Richie Miletic: When you hear Richieer roll off song after song after song, blissfully rocking his "Chinese" country-folk, a genre that is recognizable and still refreshingly unique, you can't miss his strongly commendable guitar and vocal talents that perfectly match his professional ability to entertain the audience while remaining to true to his art!
Spencer Chakedis: A superior risk-taker in the craft of writing and performing songs, Spencer is a wonderful poet agitator with his in-your-face with grace lyrics and romantic ranting. Through all the gymnastics Spencer surprises you with yet more straightforward and commonly accessible cuts that still maintain the 'Spencer Je ne sais quoi'!
Jack Southerland: Speaking of Je ne sais quoi, Jack came back to Laila last week with his sundry, mysterious songs that are in fine tune with the essence of introspective songwriting and his down and out way of performing without self-consciousness. A budding performer, Jack is just starting to grow...
March 22, 2006:
Reviews by Alex Lowry.
John Daugherity: John gave us an intense solo look at an electric guitar player & songwriter with intense lyrics and a Cobain-ish flair. Feeling the music, his set was solid and delivered well.
Chris Merkley: Chris, of the famed band 'The Crooners', offered a serving of bluesy instrumentation and songs that took us to the delta in a hurry. It is obvious where the blues element of The Crooners' sound comes from. He topped off his set with some stellar slide guitar giving the evening the feel of an old Arkansas shanty.
Edward Gorch: Edward brought a different mood to the evening. With an alternate approach to folk, he took the listeners down another, darker alley with his music. The music was delivered well. From an emotional standpoint, the set flowed smoothly and kept people right in tune.
Dave Doobinin: Dave took us on a ride with some of his new material from his new record "One Station Away". Coupled with his own video footage playing behind him, Dave has the uncanny ability to put you into his childhood with his music.
March 15, 2006:
Octavio La Fuentes: Super edgy in a sensitive sort of way, Octavio's songs treat you to some well-deserved sociological commentary on the pathetic enchantments of the so-called hip culture. His performances are laden with dry humor and a Lou Reed-esque delivery. I dig it.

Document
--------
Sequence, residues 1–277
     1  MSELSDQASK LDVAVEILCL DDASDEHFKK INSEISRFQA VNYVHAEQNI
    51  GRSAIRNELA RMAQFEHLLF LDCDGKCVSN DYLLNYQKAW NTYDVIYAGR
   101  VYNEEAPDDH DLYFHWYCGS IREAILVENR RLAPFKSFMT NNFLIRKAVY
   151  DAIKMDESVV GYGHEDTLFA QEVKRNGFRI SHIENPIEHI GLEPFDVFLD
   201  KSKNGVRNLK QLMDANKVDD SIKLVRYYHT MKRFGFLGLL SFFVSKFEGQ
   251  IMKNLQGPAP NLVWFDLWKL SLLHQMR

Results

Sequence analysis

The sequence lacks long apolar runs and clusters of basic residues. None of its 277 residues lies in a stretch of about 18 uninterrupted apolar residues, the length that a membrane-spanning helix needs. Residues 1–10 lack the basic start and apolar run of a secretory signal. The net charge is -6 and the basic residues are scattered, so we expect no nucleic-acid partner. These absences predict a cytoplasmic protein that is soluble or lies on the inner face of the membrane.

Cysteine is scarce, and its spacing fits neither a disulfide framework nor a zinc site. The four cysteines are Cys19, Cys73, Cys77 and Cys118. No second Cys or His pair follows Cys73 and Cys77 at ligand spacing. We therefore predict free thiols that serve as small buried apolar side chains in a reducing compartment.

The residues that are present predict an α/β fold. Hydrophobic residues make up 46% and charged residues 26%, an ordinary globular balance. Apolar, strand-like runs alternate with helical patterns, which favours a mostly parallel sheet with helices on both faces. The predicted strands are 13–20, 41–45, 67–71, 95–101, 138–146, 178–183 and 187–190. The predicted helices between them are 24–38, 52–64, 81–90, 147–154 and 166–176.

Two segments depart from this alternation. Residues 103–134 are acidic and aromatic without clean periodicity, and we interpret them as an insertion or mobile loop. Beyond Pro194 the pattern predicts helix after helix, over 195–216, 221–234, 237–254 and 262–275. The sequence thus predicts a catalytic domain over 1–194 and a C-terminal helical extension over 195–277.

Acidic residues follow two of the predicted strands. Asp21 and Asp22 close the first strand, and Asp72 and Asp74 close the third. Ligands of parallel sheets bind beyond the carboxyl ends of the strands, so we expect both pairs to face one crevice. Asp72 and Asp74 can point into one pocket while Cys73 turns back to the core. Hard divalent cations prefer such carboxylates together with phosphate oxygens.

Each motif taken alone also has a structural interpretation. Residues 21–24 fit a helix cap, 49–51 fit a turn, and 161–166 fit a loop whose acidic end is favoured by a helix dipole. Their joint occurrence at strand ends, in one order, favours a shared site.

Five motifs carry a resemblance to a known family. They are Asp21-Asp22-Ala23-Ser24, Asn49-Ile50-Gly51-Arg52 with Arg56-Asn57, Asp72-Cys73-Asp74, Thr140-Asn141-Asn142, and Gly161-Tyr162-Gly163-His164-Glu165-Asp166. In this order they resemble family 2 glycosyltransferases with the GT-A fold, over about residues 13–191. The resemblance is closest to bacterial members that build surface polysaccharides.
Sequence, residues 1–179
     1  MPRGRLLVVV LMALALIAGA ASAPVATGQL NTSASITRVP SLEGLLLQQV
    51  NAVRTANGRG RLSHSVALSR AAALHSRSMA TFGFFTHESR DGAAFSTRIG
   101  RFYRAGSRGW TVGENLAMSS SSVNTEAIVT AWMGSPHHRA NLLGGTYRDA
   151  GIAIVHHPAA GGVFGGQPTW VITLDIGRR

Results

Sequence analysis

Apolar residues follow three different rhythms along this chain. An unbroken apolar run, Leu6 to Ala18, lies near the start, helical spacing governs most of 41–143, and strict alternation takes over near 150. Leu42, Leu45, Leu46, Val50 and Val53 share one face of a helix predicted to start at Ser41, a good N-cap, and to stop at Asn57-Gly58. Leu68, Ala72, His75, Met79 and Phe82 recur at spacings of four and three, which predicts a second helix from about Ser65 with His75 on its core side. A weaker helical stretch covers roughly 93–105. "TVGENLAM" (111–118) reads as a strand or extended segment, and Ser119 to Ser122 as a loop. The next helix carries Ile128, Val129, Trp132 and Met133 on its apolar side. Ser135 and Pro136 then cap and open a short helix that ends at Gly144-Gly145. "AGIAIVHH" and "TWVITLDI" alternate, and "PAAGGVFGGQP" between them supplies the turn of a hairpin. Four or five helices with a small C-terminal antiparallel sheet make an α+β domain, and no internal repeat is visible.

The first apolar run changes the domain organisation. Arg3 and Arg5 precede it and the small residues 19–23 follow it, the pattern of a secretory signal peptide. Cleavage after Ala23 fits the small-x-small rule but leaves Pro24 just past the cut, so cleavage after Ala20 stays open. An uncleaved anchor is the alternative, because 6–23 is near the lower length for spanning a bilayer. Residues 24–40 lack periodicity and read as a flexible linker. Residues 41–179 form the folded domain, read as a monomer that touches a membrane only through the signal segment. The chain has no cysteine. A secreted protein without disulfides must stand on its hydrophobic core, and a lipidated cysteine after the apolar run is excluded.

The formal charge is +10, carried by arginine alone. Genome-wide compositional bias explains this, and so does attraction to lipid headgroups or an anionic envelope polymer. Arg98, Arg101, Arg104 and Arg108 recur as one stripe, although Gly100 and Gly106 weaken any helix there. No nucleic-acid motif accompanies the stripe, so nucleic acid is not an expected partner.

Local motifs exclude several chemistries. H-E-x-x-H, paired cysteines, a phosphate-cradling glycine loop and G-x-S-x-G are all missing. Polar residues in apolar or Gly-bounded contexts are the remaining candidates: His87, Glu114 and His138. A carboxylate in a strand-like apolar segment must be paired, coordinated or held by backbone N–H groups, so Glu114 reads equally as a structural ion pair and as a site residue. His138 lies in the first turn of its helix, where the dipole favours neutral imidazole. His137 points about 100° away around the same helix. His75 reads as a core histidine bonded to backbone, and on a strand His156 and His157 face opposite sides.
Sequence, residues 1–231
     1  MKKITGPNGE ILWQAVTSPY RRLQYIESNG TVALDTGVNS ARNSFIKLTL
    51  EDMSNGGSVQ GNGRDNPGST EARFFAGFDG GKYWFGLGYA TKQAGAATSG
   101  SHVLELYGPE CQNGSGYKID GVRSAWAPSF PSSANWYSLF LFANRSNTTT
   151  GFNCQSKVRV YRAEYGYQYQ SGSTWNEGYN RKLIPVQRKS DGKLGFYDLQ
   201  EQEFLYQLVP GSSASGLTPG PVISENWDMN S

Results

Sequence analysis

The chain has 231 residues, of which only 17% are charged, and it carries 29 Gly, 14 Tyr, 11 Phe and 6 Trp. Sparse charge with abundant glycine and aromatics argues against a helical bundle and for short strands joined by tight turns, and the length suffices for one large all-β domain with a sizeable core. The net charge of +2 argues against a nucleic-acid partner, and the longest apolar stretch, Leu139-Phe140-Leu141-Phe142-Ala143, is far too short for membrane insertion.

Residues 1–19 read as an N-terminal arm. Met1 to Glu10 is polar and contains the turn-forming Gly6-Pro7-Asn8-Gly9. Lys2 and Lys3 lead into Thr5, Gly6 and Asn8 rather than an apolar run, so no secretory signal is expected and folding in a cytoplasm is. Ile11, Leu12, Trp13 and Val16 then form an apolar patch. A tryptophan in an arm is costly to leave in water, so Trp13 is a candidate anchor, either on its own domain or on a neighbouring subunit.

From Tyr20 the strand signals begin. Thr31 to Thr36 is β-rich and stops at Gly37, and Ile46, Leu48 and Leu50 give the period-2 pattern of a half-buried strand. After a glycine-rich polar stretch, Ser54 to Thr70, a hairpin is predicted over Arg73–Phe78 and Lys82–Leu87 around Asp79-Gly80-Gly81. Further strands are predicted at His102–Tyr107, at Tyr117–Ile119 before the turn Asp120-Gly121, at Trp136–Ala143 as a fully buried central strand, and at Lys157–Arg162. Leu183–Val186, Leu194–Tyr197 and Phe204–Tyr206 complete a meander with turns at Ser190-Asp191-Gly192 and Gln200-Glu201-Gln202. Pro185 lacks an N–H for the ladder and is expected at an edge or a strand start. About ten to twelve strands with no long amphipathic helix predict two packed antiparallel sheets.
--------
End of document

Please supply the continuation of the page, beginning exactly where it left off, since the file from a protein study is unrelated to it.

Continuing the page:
Ben Krieger: Working with a noticeably multi-genre repertoire, Ben, along with John on pedal steel, greatly entertained the audience with what I'm terming 'Krieger-Rock," a music defined by appreciation of the absurdity of life, crafty, humorous lyrics, compelling melodies, and incorporation of the term "rock always".
Kristin Diable: A darling of the LES, Kristin finally made her way out to Williamsburg and, while late, really proved how good she is. So dynamic and enticing is her stage presence it's possible she could make it on this alone. A strong repertoire of soul-searching songs that come across as sincere, sung with an interesting alt-blues vibe. Kristin's indisputable talents combined with awesome accompaniment consisting of stand-up bass and lead guitar made for a very good show.
Jeremiah Birnbaum: One of the finest guitar players on the New York songwriter circuit, Jeremiah generously bestowed some new folk-blues numbers on an appreciative and attentive audience. Uncanny were the strong orchestrations put together by Jeremiah and djembe percussionist John Embree. They "jammed" without ever over doing it. Sweet. Also, this performance yielded one of the best covers every played at the Jezebel Music Showcase; a tasty, slow, and off-kilter rendition of Dylan's "Just like a woman."
March 8, 2006: